A mid-sixteenth-century Muscovite "hagiographic icon" (that is, one with a central panel and a border including the range of scenes from a saint's life) also features the Birth of Mary in the center. Among the scenes on the right side of the main image is one of the parents of Mary, Joachim and Anna, holding the infant; below it she is being presented to the priest in the temple. With one significant exception, the central panel contains all the elements of the fourteenth- century icon reproduced above. We see the mother, Anna, on the couch, with three attendants on the right and two more attendants bathing the child in the lower right. The background is filled with stylized architecture connected by a red drape. The obvious "innovation" here is that Joachim, the father, is also present. While his presence of itself is not uncommon, his placement here, clearly inside the upper floor of the right-hand building and peering out from it, is. This is a clear violation of the Byzantine principles of two-dimensionality. Apart from that significant difference, the sixteenth-century icon also is distinct for its style, compared to the late fourteenth-century example of the same scene. The attendants are in various poses, almost seeming to move about, in contrast to the rigid and identical poses in the earlier example. Also, the decorative features of the architecture are more clearly articulated, with what looks like a columned porch. Finally, we note the addition of a decorative pattern on the couch cover.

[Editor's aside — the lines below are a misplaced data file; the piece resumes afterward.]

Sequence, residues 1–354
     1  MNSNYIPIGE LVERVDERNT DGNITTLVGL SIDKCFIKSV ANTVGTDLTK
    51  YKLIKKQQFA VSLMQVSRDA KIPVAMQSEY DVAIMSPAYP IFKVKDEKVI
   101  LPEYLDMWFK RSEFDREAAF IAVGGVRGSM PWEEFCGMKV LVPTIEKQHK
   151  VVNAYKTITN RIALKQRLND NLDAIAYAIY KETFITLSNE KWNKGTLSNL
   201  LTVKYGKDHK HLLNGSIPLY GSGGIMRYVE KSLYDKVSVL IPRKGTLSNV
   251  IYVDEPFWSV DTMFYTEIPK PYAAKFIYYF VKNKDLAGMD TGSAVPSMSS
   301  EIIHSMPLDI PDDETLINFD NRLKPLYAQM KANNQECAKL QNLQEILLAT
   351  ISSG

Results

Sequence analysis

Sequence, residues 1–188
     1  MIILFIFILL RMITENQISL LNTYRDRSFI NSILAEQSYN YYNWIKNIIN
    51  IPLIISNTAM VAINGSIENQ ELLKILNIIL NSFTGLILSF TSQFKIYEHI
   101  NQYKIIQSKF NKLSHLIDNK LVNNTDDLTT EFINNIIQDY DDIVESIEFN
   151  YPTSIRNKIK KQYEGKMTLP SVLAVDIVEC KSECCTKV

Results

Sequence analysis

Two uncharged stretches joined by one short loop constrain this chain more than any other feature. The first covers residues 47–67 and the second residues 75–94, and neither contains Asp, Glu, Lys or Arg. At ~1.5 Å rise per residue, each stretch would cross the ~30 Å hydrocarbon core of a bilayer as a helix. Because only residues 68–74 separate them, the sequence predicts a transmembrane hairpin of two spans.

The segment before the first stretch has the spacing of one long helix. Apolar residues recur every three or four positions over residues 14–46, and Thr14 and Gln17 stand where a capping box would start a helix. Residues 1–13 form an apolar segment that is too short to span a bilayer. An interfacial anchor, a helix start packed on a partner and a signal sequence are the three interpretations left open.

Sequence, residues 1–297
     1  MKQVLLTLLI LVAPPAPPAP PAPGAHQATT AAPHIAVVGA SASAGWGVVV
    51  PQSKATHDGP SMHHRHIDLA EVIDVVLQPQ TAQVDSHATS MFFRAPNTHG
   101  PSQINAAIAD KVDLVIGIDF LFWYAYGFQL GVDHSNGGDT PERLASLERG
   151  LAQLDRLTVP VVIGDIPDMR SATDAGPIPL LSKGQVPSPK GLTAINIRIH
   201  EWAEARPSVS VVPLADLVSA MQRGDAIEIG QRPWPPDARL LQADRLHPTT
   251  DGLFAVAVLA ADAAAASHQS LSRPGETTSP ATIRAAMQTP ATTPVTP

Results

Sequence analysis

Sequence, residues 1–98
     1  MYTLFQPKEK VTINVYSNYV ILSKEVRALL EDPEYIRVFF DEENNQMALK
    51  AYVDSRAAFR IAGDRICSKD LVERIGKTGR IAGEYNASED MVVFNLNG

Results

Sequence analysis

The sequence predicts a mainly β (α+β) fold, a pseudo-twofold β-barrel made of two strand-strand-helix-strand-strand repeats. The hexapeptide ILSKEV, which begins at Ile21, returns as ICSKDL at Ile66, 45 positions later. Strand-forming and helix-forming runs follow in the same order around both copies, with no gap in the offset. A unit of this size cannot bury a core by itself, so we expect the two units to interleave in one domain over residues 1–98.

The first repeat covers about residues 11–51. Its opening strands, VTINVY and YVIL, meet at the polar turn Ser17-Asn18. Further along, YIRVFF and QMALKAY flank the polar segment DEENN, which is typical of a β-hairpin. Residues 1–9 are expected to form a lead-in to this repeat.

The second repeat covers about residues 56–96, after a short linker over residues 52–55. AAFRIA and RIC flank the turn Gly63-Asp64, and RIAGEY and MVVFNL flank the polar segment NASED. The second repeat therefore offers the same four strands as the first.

It is difficult to know whether an image such as this one exemplifies the reason why questions about the proper way to paint icons seem to have come to the fore in the middle of the sixteenth century in Moscow. The Council of the One Hundred Chapters (Stoglav) in 1551 addressed such issue; there is an account (perhaps apocryphal) suggesting that one of the Tsar's officials may have created something of a sensation by questioning the way icon painting was being done, possibly in violation of Byzantine norms.